Furniture Upholstery

What is Upholstery



A New England easy chair with its upholstery sectioned


Upholstery is the work of providing furniture, especially seats, with padding, springs, webbing, and fabric or leather covers. The word upholstery comes from the Middle English word upholder,[1] which referred to an artisan who held up their goods. The term is equally applicable to domestic, automobile, airplane and boat furniture, and can be applied to mattresses, particularly the upper layers, though these often differ significantly in design. A person who works with upholstery is called an upholsterer. An apprentice upholsterer is sometimes called an outsider or trimmer. Traditional upholstery uses materials like coil springs (post-1850), animal hair (horse, hog and cow), coir, straw and hay, hessians, linen scrims, wadding, etc., and is done by hand, building each layer up. In contrast, today's upholsterers employ synthetic materials like dacron and vinyl, serpentine springs, and so on.



Armchair, designed in 1869 by George Jacob Hunzinger and patented on March 30, 1869. Wood, original upholstery. Brooklyn Museum

History

Upholder is an archaic term used for "upholsterer", but it appears to have a connotation of repairing furniture rather than creating new upholstered pieces from scratch (cobbler vs. cordwainer).[2]

In 18th-century London, upholders frequently served as interior decorators responsible for all aspects of a room's decor.[3] These individuals were members of the Worshipful Company of Upholders, whose traditional role, prior to the 18th century, was to provide upholstery and textiles and the fittings for funerals. In the great London furniture-making partnerships of the 18th century, a cabinet-maker usually paired with an upholder: Vile and Cobb, Ince and Mayhew, Chippendale and Rannie or Haig.

In the US, Grand Rapids, Michigan and Hickory, North Carolina are centers for furniture manufacture along with Long Eaton, Nottinghamshire (England) and many of the best upholsterers can still be found there. Nottinghamshire is also home to Webs training Ltd, a furniture training company that specialises in training apprentices in the furniture manufacturing industry. These artisans continue to create or recreate many antique and modern pieces of furniture.[citation needed]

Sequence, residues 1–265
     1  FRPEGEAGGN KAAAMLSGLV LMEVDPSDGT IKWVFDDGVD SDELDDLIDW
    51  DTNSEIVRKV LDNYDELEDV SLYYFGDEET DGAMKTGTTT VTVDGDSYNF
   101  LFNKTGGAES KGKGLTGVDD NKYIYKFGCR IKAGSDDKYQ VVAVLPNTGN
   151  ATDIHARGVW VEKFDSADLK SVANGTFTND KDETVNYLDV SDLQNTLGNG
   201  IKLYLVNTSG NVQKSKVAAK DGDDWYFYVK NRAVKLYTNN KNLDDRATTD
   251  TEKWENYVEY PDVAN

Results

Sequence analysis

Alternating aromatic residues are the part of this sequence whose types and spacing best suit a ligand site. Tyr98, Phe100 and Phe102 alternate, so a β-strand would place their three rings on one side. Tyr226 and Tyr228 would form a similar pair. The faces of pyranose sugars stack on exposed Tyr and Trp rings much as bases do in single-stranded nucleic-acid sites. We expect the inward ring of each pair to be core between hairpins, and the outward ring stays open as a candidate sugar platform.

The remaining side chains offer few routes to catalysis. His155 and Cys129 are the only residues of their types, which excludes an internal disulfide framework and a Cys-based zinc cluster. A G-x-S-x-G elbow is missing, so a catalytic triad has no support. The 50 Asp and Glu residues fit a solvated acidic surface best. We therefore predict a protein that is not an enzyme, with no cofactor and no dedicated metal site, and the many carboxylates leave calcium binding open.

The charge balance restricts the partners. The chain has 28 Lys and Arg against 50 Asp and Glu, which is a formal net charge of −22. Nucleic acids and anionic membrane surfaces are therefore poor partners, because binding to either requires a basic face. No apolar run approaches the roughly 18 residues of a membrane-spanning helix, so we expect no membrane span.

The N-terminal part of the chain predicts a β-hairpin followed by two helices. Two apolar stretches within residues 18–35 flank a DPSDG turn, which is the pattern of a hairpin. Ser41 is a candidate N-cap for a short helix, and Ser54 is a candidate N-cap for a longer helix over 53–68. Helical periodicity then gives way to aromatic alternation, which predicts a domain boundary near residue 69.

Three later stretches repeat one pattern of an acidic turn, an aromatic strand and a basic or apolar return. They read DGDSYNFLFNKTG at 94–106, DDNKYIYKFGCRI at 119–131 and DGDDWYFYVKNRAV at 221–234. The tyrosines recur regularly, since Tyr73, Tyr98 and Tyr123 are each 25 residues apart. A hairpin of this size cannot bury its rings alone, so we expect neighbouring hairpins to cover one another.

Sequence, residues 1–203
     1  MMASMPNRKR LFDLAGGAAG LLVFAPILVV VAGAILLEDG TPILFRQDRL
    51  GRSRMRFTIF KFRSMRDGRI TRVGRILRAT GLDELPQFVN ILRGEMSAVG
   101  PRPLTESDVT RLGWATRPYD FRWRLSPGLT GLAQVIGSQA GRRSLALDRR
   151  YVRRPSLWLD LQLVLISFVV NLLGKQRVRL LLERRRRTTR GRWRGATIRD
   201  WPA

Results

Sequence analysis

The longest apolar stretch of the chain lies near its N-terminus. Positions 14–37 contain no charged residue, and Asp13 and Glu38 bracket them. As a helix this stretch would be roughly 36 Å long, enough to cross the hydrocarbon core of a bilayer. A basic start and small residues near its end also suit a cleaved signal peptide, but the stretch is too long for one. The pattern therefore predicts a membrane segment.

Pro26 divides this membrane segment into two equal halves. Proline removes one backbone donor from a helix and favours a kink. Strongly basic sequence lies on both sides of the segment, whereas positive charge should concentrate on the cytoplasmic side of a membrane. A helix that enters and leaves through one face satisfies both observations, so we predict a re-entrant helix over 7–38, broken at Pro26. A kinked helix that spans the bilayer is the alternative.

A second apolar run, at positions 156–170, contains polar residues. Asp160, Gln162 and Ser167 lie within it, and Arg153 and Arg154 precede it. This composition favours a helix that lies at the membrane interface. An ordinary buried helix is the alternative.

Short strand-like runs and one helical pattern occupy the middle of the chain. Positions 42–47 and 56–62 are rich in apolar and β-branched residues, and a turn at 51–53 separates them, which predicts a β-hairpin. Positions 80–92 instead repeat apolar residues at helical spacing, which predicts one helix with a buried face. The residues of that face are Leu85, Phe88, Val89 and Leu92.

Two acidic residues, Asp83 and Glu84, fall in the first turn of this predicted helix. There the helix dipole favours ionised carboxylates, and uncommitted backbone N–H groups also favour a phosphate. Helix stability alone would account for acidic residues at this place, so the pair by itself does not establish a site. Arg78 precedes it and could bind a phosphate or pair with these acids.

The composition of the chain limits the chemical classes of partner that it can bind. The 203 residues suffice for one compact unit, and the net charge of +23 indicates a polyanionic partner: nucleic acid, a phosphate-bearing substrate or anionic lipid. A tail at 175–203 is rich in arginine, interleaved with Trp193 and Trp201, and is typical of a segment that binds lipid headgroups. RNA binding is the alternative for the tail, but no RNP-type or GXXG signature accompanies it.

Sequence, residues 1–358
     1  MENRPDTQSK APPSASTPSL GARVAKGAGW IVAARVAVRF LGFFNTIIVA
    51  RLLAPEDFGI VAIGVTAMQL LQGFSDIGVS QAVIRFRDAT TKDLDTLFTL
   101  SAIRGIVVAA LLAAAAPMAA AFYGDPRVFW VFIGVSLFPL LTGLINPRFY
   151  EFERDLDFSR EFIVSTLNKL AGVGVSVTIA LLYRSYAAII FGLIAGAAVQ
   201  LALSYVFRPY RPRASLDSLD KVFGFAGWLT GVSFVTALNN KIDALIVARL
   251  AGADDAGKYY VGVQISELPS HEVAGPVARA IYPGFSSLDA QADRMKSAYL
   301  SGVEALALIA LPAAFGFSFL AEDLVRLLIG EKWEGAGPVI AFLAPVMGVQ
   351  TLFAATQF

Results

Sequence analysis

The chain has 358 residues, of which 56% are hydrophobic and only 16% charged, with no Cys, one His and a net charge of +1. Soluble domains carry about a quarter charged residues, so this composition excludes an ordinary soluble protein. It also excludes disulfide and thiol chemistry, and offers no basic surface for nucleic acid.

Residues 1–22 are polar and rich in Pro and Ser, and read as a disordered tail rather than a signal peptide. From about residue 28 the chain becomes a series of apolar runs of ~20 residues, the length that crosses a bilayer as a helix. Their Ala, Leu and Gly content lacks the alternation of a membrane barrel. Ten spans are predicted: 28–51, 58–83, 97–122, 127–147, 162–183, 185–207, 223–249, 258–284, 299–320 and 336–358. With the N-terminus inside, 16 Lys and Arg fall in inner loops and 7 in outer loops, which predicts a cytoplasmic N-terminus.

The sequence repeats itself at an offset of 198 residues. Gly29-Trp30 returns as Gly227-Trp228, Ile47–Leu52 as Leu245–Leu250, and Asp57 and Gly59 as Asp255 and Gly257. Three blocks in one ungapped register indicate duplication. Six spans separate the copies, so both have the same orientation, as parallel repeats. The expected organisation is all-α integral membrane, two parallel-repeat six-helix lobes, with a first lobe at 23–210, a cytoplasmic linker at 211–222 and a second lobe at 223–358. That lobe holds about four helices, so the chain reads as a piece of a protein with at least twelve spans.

Furniture reupholstery continues to thrive in the UK with several businesses small and large providing these services.



Types


An upholstered chair ready to be covered with the decorative outer textile.

Traditional

Traditional upholstery is a craft which evolved over centuries for padding and covering chairs, seats and sofas, before the development of sewing machines, synthetic fabrics and plastic foam. Using a solid wood or webbed platform, it can involve the use of springs, lashings, stuffings of animal hair, grasses and coir, wools, hessians, scrims, bridle ties, stuffing ties, blind stitching, top stitching, flocks and wadding all built up by hand.[4] An upholstered chair ready to be covered with the decorative outer textile.

In the Middle Ages, domestic interiors were becoming more comfortable and upholstery was playing an important part in interior decoration. The decorations consisted mainly of what we would now consider as "soft furnishings", though there were simple platforms of webbing, canvas or leather for stools, chairs and elaborately decorated coverings that already demonstrated the rudimentary beginnings of upholstered furniture. By the beginning of the 17th century chair seats were being padded, but this form of upholstery was still fairly basic. All sorts of stuffings from sawdust, grass, feathers, to deer, goat or horsehair were used, although in England the Livery Company forbade the use of goat and deer hair and imposed fines for misdemeanors. The stuffing was heaped on a wooden platform and held in place with a decorative top fabric and nails. This produced a simple dome shape sloping towards the seat. Only towards the end of the 17th century did upholsterers start to develop the techniques that would distribute and shape the stuffing into more controlled shapes. Curled horsehair was being used more consistently for stuffing that was easier to hold in place with stitches in twine that were developed from saddlery techniques. Thus layers of stuffing could be distributed evenly and secured to stay in place. On a basic level, squab cushions were made more stable by using tufting ties. Stuffed edge rolls appeared on seat fronts providing support for cushions to be retained and later for deeper stuffing to be held in place under a fixed top cover.[5]:p12

What we now think of as "classic" upholstery shapes and techniques flourished in the 18th century. Frames of elegant line and proportion were sympathetically matched by expertly executed upholstery. By now, the upholsterers' technical knowledge meant that stuffing's could be controlled along upright and sloping lines, giving new levels of comfort and a simply stated elegance. Later in the century, the border was replaced by a single piece of linen or scrim taken over the stuffed seat and tacked to the frame. At the same time the locked blind stitch and top-stitching combination (pulling the side and top surfaces together and bringing the stuffing up to make a firm top edge) had evolved.[5]:p15

In the Victorian era, fashions of opulence and comfort gave rise to excesses of stuffing and padding. Mass production techniques made upholstered furniture available in large quantity to all sections of society. The availability of better-quality steel springs and the development of lashing techniques enabled upholstery to be built up on seats, backs and arms quite independently of the frame shape. Stuffings became even more complex, edges became elaborately shaped into rolls and scrolls and fabrics were folded into soft padded shapes by means of buttoning.[5]:p12


Modern